What an encouraging and practical affirmation that we are stronger in fellowship together! I could not agree more. However, I have some concerns about the apparent presumptions this article makes that the lack of a roll call of the disciples implies they are not present. Additionally, while I do not agree with PKL’s characterization of the lack of understanding the women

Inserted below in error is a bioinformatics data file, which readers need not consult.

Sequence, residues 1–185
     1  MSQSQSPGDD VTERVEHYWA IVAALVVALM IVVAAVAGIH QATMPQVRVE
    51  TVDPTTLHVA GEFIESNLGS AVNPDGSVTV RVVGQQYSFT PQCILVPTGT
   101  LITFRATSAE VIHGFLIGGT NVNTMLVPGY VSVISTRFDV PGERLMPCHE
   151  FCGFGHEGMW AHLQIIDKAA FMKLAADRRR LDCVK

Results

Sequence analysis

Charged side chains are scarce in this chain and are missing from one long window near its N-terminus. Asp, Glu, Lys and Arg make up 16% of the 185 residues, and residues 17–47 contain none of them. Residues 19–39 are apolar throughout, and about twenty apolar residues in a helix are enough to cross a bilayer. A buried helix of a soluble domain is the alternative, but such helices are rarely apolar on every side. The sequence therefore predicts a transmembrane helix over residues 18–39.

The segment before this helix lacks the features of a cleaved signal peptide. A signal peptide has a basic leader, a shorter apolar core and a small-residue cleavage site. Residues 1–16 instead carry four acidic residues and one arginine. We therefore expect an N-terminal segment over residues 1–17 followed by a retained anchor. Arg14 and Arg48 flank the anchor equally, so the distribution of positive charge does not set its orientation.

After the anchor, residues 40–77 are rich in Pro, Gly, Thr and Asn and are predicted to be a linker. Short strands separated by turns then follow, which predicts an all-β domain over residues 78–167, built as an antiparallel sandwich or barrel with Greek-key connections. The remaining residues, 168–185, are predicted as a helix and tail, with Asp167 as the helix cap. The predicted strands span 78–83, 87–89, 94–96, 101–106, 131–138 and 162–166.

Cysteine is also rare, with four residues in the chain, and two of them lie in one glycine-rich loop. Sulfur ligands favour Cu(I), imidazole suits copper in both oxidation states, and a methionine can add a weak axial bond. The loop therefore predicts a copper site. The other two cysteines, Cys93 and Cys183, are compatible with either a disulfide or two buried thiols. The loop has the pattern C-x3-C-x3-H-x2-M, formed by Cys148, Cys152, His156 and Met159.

may have had (despite lesser education, treatment and status, women have demonstrated impacts throughout history (Deborah, Eunice, Lydia etc.) revealing intelligence, social/economic/political skills and spiritual gifts), I do agree that they, as a group of lesser public standing, may have been free to visibly stand en masse to watch and to wait at the crucifixion. Without further comment on women’s issues, the glory of God is revealed in making divine opportunities out of what others see as only hindering conditions. It makes me proud, as a woman, when women exhibit spiritual fruitfulness, no “nasty” needed, in facing challenges as women. Secondly, the gospel account making reference to John, the beloved, may well be understood to be the an escort for the women as Christ speaks to John regarding His earthly mother, Mary, inferring his presence among or with the women. Maybe that made him safer to be front visible? Maybe he was just that brave? Finally, I find it hard to believe that the disciples were not there even if incognito. Peter summed it up, ” Lord, to whom shall we go? thou hast the words of eternal life.” John 6:68 KJV. Consider how we handle crisis: is this not the greatest moment of crisis? Death of a loved one, shattered expectations both political and spiritual, loss of their Leader, and questioning all that they thought they understood about Jesus to name a few. I find it hard to NOT imagine them present whether consoling one another or standing alone; they would have recalled in the Garden at Jesus’ arrest that He instructed them about the use of the sword and related cosmetic ear surgery. The crucifixion for the disciples, in my imagination, is more likened to a moment when you “grow up” in the face of tragedy. These were spiritually sensitive, seeking men– perhaps, they discerned it was not a time to be front and center, or perhaps they were coping with the grief in a manner better suited to men who have just lost the One they hoped for, followed and loved.